Two blog posts in quick succession – wonders will never cease.
Last weekend (Friday 4th and Saturday 5th March) RAMP held another set of workshops. This time we were based entirely in Rothbury and Lordenshaw, a design decision made so that we could test our first working mobile prototype at a single rock art site.
The workshops followed a similar pattern to the ones we had in September: going out on a site visit in the morning, returning to Rothbury for lunch and then having group discussions in the afternoon.
This time however, we added a new component – mobile phones! We brought along a set of mobiles (a Blackberry, a Samsung running Android, an iPhone and an HTC Desire, also running Android). We also had some Flip video cameras, and asked participants in pairs to take a phone and a video camera and look at the mobile website we’d built once we arrived on site. We were looking for indications on how well the website dealt with navigating around the physical site of Lordenshaw – would everyone understand the directions and be able to find the information? We were also keen to find out how the rock art information itself worked – were the diagrams useful? What about photographs? How the style of the text we’d written fit? Was what we said interesting or useful?
While we’re still going through all the data, a few things quickly became clear:
- The navigation system worked, in part at least. While there are some glaring faults with it, the actual directions themselves seemed to be clear, in the main.
- The conversational style of the content we’d written was well received.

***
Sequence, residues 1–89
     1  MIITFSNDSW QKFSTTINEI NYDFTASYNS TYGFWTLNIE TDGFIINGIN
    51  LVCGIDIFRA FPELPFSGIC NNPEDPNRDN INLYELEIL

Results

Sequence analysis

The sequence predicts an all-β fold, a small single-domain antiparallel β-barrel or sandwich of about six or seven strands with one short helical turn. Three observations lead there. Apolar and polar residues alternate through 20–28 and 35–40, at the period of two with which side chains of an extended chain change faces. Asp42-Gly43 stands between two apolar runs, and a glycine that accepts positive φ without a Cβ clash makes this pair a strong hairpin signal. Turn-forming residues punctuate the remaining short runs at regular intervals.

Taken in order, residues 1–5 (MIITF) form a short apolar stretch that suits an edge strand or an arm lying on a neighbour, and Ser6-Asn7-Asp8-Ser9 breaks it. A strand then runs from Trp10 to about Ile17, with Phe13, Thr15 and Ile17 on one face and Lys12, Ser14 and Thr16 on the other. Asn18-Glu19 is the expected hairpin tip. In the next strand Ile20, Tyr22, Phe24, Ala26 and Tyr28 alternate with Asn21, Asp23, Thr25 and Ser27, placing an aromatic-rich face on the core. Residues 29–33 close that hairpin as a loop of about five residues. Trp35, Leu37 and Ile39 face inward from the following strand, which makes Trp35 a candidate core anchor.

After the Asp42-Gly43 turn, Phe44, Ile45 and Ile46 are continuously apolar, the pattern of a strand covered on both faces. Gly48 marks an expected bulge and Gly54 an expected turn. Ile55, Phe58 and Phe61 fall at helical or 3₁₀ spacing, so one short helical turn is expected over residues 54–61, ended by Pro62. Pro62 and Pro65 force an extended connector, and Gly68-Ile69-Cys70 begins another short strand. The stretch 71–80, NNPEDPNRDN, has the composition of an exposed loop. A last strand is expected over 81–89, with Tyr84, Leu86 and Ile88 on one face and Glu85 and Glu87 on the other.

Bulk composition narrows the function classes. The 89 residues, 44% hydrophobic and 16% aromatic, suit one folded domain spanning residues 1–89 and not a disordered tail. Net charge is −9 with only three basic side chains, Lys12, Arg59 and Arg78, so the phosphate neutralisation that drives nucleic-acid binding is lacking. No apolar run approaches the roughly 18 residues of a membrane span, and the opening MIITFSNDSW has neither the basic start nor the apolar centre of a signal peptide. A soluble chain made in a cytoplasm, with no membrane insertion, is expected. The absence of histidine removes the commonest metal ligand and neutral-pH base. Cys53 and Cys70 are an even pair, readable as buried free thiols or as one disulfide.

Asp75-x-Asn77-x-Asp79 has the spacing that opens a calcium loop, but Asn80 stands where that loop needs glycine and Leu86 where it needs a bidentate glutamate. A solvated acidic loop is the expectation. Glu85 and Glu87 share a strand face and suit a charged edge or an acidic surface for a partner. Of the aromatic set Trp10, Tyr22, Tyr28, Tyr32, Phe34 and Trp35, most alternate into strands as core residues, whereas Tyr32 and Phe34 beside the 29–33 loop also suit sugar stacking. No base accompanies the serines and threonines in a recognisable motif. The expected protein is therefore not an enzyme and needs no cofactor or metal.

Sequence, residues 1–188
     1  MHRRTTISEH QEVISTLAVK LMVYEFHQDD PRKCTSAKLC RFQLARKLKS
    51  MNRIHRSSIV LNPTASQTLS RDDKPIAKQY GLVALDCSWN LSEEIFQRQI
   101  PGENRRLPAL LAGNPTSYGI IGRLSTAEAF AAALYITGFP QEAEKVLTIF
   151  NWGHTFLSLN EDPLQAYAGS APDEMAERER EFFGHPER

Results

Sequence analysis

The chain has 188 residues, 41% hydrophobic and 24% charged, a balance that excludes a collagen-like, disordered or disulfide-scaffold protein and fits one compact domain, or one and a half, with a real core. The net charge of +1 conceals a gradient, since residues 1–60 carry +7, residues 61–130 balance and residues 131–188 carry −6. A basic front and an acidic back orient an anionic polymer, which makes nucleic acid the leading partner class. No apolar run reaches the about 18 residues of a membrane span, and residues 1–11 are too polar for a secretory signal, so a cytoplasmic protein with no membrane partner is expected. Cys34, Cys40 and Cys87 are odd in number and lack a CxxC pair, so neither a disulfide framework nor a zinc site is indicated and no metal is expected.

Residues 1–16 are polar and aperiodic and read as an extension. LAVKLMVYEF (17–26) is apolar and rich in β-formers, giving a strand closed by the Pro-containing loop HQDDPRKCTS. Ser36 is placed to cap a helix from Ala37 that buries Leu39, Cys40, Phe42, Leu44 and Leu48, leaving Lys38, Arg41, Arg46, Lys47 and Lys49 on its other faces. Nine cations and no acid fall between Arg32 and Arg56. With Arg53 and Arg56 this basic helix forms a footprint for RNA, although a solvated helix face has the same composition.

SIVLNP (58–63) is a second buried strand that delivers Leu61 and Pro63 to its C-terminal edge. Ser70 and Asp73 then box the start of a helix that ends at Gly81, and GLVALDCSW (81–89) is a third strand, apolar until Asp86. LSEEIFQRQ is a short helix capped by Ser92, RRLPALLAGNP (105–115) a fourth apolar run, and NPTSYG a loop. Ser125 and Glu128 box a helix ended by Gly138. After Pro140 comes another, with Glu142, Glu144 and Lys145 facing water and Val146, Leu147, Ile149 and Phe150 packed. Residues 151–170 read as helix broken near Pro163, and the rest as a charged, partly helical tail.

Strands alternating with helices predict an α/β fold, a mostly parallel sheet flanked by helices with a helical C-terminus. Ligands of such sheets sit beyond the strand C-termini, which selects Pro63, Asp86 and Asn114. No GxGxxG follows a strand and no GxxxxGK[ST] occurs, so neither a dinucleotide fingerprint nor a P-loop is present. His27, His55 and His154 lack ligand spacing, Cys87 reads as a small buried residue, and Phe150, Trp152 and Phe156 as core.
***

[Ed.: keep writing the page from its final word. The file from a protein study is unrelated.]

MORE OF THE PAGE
- The use of a question (in essence, ‘Do you think rock art was painted or occasionally re-pecked?’) provoked some discussion and debate.
- Diagrams showing the carvings were helpful, especially annotated ones which picked up on some of the interesting features of the rock art panel.
- Speculation on the meaning of rock art was missing. Whilst we were testing an early stage prototype, it was obvious that we hadn’t addressed this.
Our next steps are to look at all of this information in more detail to try to address all the issues, and build our next, more complete prototype. We will then test the mobile website again, probably in a more informal setting, by basing ourselves in the car park at Lordenshaw for a day or two, trying to find visitors willing to spend an hour with us, finding out more about the local archaeology.
However, at this stage, we need to say a big thank you to all of the participants who gave up their free time to visit rock art with us, peering at mobile phone screens, and telling us their thoughts. It is much appreciated by the whole RAMP team.